Drug Court Key Component #7 & Adult Best Practice Standard #3 highlight the critical role of judges in treatment courts and specifically the interaction between judges and participants during court review hearings. More specifically,
While judges are integral to the success of any treatment court program, less is written about the specific role of other interdisciplinary team members (e.g. prosecuting attorney, defense attorney, case manager, law enforcement, etc.) in adopting the principles of therapeutic jurisprudence in their work. It is vital for all treatment court team members to practice empathy when interacting with program participants. The below-listed multimedia resources provide some additional insight into how to practice empathy within your work as a treatment court practitioner. According to scholar Jamil Zaki “empathy is like a skill. It’s like a muscle. We can practice it like any other skill and get better at connecting with people.” (Young, 2020)
According to Knottnerus (2005) “. . . daily life is normally characterized by an array of personal and social rituals. Such rituals help create stability to social life while expressing various symbolic meanings that give significance to our actions” (p. 8). Both positive and negative behaviors are part of daily life and when practiced often enough become ritualized. Individuals in recovery often report that certain “people, places, or things” can elicit behavioral responses without conscious awareness or intention. This reality underscores the need for the recovery process and programming to include an emphasis on individuals recognizing negative rituals and replacing them with positive (or prosocial) rituals.
We know from research that this behavioral change must be predicated on a change in attitudes/beliefs, an increase in knowledge regarding the behavior and associated consequences, as well as ample time to practice new behaviors within a structured and supportive environment. Changing ritualized behavior can be a difficult process and feel very foreign no matter how positive the results may be. Researchers, Van de Poel-Knottnerus and Knottnerus (2011), assert that “. . . when patterned, ritualized modes of behavior are severely disrupted, this is a very difficult and problematic situation for human beings” (p. 108). To this end, understanding how ritualized behavior forms, as well as how it can be effectively changed, is central to the work of treatment court practitioners and researchers. Understanding the specific mechanisms by which programs affect behavior change among various target populations, and sub-populations, is crucial to success and sustainability.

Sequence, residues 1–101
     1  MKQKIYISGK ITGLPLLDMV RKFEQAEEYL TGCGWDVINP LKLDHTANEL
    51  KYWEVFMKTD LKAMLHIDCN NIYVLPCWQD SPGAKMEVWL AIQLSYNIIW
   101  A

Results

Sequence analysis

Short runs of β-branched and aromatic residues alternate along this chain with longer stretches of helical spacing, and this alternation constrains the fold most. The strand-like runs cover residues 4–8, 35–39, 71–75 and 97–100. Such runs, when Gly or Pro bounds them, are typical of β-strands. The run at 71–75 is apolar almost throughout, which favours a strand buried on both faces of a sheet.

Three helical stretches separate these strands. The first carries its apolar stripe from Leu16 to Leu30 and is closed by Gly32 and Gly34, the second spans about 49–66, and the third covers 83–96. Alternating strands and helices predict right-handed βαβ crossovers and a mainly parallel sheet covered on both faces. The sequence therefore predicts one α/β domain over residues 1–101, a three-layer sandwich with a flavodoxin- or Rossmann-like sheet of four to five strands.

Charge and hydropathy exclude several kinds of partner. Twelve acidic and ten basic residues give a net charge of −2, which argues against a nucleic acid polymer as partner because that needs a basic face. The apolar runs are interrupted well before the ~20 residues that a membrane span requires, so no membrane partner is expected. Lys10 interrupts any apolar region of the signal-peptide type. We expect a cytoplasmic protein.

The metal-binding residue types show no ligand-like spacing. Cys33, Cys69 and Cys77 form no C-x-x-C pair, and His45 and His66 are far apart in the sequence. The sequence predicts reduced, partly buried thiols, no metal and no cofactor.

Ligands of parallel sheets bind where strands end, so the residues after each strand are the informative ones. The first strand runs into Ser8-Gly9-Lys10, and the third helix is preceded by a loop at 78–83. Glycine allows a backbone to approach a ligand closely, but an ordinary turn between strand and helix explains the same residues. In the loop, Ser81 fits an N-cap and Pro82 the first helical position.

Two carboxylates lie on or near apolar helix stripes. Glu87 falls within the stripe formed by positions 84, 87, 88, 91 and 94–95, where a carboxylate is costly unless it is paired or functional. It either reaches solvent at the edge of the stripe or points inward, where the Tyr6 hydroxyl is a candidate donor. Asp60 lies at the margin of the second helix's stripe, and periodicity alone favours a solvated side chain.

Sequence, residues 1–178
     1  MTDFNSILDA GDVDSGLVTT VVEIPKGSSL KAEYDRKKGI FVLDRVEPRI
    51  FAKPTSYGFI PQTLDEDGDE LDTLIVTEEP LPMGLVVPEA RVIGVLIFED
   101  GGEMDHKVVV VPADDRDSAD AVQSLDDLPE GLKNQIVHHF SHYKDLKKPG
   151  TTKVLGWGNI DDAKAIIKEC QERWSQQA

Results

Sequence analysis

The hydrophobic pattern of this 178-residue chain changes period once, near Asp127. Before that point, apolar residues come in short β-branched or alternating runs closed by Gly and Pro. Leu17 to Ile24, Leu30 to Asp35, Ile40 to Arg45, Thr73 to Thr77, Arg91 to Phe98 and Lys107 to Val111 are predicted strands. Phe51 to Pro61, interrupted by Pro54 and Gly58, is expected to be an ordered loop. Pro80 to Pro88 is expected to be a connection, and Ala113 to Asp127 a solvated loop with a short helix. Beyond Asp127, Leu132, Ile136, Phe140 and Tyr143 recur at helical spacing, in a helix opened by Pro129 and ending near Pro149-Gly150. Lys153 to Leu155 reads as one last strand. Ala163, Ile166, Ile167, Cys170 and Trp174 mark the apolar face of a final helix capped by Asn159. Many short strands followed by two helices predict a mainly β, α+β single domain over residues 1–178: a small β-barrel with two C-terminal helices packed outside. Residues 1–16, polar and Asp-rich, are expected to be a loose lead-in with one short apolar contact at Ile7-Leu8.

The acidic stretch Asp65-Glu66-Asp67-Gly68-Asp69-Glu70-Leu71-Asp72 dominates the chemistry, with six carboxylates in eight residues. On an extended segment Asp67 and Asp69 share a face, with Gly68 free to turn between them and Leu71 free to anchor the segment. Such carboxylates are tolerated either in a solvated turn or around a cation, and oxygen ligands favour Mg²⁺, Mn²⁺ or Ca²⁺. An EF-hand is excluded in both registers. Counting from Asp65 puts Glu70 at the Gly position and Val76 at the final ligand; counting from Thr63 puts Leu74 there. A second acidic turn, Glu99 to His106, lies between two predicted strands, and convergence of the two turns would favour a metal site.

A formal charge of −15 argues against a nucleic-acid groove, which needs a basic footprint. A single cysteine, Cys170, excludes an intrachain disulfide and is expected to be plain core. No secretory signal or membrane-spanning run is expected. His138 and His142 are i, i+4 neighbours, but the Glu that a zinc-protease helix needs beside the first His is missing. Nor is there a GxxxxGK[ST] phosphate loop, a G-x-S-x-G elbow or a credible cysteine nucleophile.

We hope the below-listed resources encourage you to take inventory of the ways in which your treatment court program facilitates and supports participants in their work to replace negative habits with positive ones. Also, we hope this information provides you with ideas as to how your program can work to do more in this area. While Dr. Clear’s work is not specific to treatment courts, the ideas are very much applicable to the behavior change process that is central to the treatment court model. The article by Drs. Lanier and DeVall applies Structural Ritualization Theory to adult treatment courts specifically.
The importance of social connectedness among human beings has been well-documented. Researchers have found physical, emotional, and social benefits for individuals who are and remain connected to others. These same researchers have found profoundly negative outcomes associated with experiencing social isolation.
In these current times, the methods by which individuals connect with each other have taken on multiple forms (e.g., face-to-face, by phone, via cloud-based technology, etc). How is this notion of social connectedness relevant to the treatment court field? It is hoped that the information presented in the multimedia resources featured here will encourage you to examine the ways in which your treatment court program facilitates meaningful social connection between and among participants, team members, and the recovery community through program requirements (e.g., case management sessions, pro-social activities, court review hearings, etc.). It is vital that opportunities for participants to connect with others are maintained.